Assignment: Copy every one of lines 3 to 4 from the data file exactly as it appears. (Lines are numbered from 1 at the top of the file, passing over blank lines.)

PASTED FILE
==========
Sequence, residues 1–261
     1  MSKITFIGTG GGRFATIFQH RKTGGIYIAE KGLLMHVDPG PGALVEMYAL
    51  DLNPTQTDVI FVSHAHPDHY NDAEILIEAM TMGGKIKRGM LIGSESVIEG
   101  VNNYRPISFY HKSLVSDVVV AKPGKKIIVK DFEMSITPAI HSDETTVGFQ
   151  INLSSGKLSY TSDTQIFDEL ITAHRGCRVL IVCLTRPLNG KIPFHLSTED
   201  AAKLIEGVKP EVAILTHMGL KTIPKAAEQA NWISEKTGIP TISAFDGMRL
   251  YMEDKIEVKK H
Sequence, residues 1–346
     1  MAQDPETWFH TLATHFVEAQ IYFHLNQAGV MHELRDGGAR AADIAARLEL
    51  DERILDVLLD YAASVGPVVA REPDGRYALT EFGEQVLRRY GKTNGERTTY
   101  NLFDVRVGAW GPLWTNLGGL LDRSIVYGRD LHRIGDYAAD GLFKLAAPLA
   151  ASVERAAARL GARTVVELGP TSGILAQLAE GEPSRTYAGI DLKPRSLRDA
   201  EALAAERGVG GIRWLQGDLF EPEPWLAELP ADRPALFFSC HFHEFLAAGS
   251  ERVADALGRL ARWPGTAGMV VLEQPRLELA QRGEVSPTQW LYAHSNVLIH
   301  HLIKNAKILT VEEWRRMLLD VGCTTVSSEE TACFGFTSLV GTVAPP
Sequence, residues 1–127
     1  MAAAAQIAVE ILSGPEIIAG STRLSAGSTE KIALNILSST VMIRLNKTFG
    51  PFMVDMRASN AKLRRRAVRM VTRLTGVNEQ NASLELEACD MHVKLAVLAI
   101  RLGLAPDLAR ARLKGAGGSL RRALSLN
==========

    51  DLNPTQTDVI FVSHAHPDHY NDAEILIEAM TMGGKIKRGM LIGSESVIEG
   101  VNNYRPISFY HKSLVSDVVV AKPGKKIIVK DFEMSITPAI HSDETTVGFQ